4. n = 1545 for contributors indicating their level of education by number of years. 16 years of formal education was used as a reasonable equivalence for a 4-year college degree. A Pearson χ2 test found new contributors less likely to have 16 or more years of formal education (χ2 = 34.171, p = 0.000). Estimate of worldwide rates of post-secondary degree completion is sourced from Barro R., Jong-Wha L. (2013). A new data set of educational attainment in the world, 1950-2010. Journal of Development Economics, 104, 184-198.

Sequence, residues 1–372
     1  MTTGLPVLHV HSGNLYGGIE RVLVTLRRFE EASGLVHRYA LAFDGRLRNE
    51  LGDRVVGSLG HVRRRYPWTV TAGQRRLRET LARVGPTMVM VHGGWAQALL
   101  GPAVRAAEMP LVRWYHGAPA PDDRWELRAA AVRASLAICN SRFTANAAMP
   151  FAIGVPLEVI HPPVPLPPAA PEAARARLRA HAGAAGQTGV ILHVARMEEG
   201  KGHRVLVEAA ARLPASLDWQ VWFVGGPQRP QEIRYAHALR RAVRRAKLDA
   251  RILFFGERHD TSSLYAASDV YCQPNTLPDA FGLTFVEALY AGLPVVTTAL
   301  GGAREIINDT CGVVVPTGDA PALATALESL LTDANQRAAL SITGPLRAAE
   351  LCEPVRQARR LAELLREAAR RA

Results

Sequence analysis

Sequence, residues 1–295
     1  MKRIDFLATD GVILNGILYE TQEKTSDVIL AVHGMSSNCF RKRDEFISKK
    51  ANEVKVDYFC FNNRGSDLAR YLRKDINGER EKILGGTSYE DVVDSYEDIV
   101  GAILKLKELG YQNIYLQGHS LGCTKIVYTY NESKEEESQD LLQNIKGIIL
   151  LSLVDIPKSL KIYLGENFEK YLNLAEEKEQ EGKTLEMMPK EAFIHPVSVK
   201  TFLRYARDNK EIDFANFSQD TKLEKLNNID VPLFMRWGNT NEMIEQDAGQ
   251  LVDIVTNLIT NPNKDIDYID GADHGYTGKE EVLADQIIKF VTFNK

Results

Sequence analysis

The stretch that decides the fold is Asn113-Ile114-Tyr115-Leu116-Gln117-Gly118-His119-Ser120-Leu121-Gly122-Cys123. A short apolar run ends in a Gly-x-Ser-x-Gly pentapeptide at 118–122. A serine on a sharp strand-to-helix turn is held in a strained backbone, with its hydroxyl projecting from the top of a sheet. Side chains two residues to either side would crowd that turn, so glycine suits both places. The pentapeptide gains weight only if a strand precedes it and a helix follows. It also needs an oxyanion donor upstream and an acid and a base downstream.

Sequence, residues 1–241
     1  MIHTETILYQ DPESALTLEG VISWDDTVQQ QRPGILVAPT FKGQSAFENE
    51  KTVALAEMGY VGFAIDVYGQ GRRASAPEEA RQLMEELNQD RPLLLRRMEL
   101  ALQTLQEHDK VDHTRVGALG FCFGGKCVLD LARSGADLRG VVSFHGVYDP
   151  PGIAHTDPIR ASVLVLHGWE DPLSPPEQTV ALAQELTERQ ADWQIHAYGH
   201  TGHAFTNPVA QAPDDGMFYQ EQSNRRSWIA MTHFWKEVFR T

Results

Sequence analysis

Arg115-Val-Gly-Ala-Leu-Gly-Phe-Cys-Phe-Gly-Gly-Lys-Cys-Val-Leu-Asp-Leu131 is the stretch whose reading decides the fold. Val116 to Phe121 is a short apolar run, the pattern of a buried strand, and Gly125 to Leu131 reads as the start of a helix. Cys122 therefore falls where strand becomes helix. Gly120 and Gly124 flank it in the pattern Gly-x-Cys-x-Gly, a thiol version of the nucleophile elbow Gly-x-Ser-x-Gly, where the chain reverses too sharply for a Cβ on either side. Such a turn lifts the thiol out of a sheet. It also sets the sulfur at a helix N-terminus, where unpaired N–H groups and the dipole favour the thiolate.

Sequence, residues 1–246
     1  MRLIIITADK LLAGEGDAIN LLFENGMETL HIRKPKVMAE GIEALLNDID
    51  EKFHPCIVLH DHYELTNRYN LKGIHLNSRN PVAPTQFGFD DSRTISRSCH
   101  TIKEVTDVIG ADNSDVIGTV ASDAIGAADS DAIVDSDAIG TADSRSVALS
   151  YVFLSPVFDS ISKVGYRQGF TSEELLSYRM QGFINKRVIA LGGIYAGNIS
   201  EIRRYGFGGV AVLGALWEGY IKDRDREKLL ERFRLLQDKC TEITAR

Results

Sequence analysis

5. n = 244 for new contributors responding to “easy to learn editing policies” with an average score of 3.44 (95% CI: 3.31, 3.58). n = 253 for “easy to learn the editing tools” with an average score of 3.66, (95% CI: 3.53, 3.79). n = 243 for “I feel like I understand the rules” with an average score of 3.78 (95% CI: 3.67, 3.89). n = 251 for “learning to edit has been easy” with an average score of 3.85 (95% CI: 3.73, 3.97). n = 222 for “other editors have been kind” with an average score of 3.88 (95% CI: 3.77, 3.99). n = 228 for “other editors have been helpful” with an average score of 3.79 (95% CI: 3.67, 3.91). The Newcomer Empowerment Score is calculated by averaging responses to the six index questions (or those index questions responded to), standardized to a scale of 1 to 5. A score was calculated for 256 new contributors who answered any combination of the six index questions (average score was 3.74, 95% CI: 3.65, 3.83).